Residents worried they'll pay for port's pollution
WITH the government in caretaker mode, action on the Draft Master Plan for the Priority Port of Gladstone has stalled, leaving potentially affected residents wondering if they'll be paying for the port's pollution.
As reported previously in The Observer, properties on Auckland Hill and Barney Point are included in the draft plan's interface precinct.
Narelle Russell, who has lived on Harbour Terrace (a part of Auckland Hill) for 20 years, says the pollution mitigation measures proposed for higher density developments will significantly restrict what can be done with the site in the future.
Hers was one of 19 submissions made to the Department of State Development in October by concerned residents and organisations.
In her submission, Mrs Russell stated "the value of properties (on Auckland Hill) lies in their potential for future development.
"The financial burden placed on any proposal by the (draft plan) destroys that potential."
A document associated with the plan stipulates any new higher density residential developments in the interface precinct must comply with conditions including "living areas, bedrooms and balconies ... (to be) located away from boundaries that adjoin development within the port industry and commerce precinct".
It states where this is not possible, windows, doors and balconies must be screened, where necessary incorporate air conditioning, double-glazed windows and double brick walls to minimise odours and emissions from industry activities beyond the port boundary.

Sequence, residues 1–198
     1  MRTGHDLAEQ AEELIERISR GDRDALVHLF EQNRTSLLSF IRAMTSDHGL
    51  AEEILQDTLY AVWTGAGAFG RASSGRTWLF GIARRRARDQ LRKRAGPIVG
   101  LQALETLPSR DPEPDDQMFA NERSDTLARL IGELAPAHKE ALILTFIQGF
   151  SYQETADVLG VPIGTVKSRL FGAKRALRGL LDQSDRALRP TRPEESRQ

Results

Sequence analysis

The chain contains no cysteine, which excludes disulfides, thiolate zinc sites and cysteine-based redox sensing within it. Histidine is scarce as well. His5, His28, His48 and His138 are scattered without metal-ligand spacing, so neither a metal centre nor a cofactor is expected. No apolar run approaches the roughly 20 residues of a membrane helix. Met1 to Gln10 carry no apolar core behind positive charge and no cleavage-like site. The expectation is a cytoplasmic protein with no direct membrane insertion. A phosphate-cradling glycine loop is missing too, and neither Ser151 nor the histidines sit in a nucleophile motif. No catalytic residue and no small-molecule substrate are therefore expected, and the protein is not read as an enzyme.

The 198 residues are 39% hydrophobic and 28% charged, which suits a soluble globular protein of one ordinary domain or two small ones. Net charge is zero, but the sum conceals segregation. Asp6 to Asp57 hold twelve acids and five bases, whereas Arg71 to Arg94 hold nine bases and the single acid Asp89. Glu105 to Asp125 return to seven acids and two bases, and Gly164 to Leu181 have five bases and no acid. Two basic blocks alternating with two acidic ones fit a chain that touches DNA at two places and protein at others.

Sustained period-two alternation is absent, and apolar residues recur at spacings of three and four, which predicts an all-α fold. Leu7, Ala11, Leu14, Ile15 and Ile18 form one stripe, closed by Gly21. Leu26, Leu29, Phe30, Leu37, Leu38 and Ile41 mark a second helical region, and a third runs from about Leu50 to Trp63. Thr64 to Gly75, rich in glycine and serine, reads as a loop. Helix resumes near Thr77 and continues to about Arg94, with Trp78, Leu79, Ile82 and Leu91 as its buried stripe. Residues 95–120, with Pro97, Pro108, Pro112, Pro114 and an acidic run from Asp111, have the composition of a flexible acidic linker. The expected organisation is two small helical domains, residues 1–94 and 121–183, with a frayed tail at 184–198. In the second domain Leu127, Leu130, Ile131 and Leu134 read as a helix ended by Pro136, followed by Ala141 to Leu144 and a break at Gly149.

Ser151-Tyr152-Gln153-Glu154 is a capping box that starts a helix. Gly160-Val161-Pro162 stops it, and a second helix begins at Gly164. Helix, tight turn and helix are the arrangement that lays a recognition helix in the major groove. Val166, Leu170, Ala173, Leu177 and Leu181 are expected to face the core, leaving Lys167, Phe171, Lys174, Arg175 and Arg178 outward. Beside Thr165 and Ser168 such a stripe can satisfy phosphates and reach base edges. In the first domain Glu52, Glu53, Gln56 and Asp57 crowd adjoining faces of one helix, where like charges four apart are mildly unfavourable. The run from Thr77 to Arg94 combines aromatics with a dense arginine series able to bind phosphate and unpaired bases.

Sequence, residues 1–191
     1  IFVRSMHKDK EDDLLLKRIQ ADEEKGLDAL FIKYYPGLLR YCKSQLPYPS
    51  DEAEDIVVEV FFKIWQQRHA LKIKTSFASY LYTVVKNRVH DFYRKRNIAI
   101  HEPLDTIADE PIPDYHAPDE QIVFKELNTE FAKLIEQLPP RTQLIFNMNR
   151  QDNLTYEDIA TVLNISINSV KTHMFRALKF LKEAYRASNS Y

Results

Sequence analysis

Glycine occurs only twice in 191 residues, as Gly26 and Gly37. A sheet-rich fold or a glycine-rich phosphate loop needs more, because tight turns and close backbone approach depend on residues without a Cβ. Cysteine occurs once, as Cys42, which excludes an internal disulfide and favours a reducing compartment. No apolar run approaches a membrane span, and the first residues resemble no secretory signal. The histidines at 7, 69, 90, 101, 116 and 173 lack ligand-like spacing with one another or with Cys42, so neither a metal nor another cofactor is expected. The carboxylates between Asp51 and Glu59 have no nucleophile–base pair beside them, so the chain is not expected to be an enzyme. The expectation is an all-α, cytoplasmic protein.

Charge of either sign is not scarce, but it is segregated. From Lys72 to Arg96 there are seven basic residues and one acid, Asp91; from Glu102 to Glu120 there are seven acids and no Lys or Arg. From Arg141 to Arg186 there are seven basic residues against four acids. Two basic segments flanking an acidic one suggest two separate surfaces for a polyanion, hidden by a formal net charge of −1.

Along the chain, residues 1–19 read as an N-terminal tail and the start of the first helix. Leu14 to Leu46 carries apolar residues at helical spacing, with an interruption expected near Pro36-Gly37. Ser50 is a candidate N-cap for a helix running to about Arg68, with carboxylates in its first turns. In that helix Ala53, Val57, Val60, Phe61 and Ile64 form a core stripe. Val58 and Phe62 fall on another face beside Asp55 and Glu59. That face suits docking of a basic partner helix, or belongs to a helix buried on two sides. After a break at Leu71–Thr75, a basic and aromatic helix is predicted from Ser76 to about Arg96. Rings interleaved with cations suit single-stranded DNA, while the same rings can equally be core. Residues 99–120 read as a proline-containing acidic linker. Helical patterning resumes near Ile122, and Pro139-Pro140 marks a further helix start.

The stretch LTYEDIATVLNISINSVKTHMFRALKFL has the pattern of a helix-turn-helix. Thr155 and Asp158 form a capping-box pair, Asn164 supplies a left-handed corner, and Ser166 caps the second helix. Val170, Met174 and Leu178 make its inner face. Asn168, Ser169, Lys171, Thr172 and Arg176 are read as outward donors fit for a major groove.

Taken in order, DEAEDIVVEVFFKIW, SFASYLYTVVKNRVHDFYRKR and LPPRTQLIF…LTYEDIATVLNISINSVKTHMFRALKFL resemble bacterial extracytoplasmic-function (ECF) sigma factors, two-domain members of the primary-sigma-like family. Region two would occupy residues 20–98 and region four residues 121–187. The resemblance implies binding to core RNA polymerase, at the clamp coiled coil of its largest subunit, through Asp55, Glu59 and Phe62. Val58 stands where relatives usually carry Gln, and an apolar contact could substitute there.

In other words, future owners looking to develop, will have to pay to mitigate against the visual, air and sound pollution generated by port activities.
Mrs Russell said this could make a new development cost nearly twice as much. Her husband, a retired builder, backs her up.
"Nobody is going to buy a property here with all these extra development costs when they can go down and buy a property in Auckland St that has no restrictions," she said.
Mrs Russell believes "it is up to Gladstone Ports Corporation to implement world's best practice to suppress all forms of pollution. This will address the issue".
She says the future saleability of her property is at risk.
"The mere fact that our properties are included in the draft plan is already having a detrimental effect on our property values and social standing."
A spokesperson from the Department of State Development, the authors of the plan, stated that "the standards included (in preliminary documents) would not apply to dwelling houses, i.e. detached houses".
But Mrs Russell said this is not the point, the issue is the restrictions placed on higher density residential properties.
A public forum was held in Gladstone on September 11 to discuss the draft plan and residents of Auckland Hill attended this meeting.
Mrs Russell said it was only after media attention that Gladstone Ports Corporation notified residents included in the draft plan interface precinct of the fact that their properties could be affected and only one week prior to the submission period closing.
Mrs Russell said three representatives from the Department of State Development attended the forum.
"They actually said they could see no reason why we were included in the interface precinct," she said.
The spokesperson from DSD said "it is important to note that these proposed measures are draft only and have not been decided".